Short Rate Models
The research work presented actually tries to compare and contrast the performance and robustness of the short rate models, Vasicek, Cox-Ingersoll-Ross and Hull White to be precise. The models are tested for their accuracy to price the bonds and produce the yield curves as close to the original market yields as possible. Concept of Mean Square errors has been used to evaluate the degree of errors and to nullify any negative sign effects. An example of 1- month and 3-month MIBOR (Mumbai Interbank Offer Rates) has been taken and worked upon for calculating the yield curves from three models. The errors have been found taking the original Bond prices as the bench marks. Based on the various calculations done, an effort is made to find any arbitrage opportunities.
Financial research always promotes the quantitative approach towards the term structure of interest rates. The most critical component of the study over the time has been the term structure and the various factors affecting the same. Term structure has been defined as the relationship between the yield (payoff) and the maturity time. Generally, term structures are plotted graphically. To get a meaningful output from the term structures, factors like the taxation rate, default risk etc that affect the interest rates should be kept constant. The term structure, also known as yield curve can take any shape but the typical shape of the curves are: normal curve, flat curve, steep or humped curve and inverted curve.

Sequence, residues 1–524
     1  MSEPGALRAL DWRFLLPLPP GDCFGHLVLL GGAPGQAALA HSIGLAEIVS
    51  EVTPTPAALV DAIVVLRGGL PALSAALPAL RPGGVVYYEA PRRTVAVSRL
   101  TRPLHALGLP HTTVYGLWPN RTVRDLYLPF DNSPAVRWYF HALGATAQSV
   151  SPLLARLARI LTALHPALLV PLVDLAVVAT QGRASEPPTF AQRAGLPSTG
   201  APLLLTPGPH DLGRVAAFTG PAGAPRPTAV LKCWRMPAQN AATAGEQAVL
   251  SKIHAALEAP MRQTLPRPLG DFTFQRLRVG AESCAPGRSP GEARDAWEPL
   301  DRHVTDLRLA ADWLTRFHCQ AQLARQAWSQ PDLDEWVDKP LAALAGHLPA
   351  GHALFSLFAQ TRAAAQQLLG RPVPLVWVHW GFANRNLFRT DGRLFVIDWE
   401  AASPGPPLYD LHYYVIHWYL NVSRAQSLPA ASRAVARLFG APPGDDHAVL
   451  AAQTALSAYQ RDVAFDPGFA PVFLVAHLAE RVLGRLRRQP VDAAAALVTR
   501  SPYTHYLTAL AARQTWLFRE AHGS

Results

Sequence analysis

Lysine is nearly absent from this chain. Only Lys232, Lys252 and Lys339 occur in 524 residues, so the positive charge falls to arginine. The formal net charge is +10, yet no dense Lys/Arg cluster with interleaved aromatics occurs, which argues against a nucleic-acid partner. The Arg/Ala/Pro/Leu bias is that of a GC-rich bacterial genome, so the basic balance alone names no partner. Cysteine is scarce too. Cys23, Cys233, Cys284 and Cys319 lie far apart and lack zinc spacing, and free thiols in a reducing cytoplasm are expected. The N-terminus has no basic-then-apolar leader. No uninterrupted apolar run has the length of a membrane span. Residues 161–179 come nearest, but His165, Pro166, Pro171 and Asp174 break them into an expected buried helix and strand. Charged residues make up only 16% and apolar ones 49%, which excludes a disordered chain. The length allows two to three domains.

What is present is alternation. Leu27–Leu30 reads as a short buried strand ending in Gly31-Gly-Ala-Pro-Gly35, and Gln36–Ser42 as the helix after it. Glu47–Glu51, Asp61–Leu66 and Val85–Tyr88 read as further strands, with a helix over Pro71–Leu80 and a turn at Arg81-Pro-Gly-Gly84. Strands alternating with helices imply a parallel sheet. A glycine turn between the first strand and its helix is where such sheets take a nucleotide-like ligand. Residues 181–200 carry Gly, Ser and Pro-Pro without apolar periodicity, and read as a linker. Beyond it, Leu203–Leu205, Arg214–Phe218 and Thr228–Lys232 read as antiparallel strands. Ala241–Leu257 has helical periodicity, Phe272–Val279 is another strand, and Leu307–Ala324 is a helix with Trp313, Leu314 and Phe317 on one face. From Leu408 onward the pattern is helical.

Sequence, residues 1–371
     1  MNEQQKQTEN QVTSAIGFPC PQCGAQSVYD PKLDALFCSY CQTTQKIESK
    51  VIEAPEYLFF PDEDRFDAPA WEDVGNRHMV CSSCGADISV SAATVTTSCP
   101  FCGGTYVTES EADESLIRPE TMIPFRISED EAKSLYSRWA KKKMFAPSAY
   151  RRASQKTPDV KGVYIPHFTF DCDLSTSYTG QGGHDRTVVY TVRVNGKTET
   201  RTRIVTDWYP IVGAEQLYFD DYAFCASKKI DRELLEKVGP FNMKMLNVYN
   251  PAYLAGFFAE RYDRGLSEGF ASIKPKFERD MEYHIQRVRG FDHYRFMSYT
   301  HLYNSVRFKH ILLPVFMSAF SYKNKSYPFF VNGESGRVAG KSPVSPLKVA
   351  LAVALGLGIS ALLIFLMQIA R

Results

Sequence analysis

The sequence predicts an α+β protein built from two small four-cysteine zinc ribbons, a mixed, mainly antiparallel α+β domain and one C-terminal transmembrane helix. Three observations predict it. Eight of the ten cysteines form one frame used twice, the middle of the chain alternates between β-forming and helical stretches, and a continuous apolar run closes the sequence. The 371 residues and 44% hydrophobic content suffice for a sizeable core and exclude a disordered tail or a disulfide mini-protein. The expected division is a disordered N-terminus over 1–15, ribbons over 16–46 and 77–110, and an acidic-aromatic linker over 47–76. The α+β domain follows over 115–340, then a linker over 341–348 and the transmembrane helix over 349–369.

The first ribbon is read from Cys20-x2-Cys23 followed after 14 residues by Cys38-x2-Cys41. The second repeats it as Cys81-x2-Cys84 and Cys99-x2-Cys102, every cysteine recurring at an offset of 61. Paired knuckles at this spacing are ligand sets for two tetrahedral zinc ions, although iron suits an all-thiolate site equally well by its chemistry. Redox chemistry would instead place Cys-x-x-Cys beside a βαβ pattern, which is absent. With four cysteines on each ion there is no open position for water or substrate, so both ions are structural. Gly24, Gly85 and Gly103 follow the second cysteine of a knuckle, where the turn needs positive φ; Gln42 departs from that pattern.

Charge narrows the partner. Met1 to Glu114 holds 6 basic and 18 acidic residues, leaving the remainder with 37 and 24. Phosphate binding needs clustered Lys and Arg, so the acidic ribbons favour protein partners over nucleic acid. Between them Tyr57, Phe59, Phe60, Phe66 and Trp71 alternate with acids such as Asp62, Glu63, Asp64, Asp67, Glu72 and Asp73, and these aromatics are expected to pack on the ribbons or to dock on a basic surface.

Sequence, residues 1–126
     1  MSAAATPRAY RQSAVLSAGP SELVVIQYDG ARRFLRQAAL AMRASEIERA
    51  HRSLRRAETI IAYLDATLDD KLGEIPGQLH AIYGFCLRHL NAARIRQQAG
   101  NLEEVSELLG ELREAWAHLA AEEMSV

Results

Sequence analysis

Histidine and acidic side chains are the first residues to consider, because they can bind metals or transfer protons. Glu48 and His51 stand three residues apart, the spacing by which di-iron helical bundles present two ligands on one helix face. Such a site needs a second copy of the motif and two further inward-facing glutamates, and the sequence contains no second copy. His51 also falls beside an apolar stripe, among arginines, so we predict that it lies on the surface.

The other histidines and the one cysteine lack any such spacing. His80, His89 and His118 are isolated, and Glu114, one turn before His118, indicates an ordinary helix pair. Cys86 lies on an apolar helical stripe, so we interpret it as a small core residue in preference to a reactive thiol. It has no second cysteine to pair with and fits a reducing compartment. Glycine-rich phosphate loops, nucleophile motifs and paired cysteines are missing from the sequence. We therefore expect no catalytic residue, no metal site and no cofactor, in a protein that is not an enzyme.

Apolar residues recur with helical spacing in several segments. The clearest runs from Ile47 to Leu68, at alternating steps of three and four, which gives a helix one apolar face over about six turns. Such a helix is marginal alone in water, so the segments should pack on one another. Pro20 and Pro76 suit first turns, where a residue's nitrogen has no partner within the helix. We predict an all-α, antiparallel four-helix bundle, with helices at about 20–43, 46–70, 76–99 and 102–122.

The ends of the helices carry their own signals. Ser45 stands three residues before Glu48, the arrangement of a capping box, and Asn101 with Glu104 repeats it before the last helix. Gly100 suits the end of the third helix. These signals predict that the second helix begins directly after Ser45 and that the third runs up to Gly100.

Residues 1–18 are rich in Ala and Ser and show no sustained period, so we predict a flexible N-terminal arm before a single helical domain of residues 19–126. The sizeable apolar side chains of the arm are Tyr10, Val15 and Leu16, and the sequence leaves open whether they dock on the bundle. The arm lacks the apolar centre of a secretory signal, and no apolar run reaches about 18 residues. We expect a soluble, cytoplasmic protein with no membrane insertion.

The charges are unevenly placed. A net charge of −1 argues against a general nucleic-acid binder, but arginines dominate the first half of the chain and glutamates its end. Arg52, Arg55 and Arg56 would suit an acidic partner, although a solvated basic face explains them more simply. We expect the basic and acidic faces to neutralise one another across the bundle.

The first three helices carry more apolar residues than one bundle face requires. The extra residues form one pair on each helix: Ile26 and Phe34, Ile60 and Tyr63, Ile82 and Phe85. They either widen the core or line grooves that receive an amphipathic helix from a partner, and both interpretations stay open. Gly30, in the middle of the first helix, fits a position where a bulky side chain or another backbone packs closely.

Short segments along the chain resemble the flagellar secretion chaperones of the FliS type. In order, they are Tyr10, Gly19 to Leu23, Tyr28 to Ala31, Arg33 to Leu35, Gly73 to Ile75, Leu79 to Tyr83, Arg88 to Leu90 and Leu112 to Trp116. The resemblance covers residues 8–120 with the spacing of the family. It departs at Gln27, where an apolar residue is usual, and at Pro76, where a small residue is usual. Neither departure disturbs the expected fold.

Equilibrium V/s No Arbitrage:
Equilibrium models start with an equilibrium condition and do not take bond prices as mere exogenous inputs. These models contain specific assumptions about the dynamics of diving factors. They determine the different shapes that yield curves can attain and also try to apportion the contribution of curvatures of yield curves to future expectations of rates and volatility (Rebonato, 2000). No Arbitrage models start with no arbitrage condition, which is implied in the term structure else market forces would quickly eliminate the opportunities of arbitrage. Such models take current term structure as the input to the model and hence the model unlike equilibrium models gives the current term structure of interest rates as a solution for time t=0 (Schulmerich, 2005). No-arbitrage models are calibrated to fit the observed forward curve perfectly. This approach to modelling the term-structure was pioneered by Ho and Lee (1986). Hull and White (1990) also built a no-arbitrage model that extended the Vasicek model to fit the initial term-structure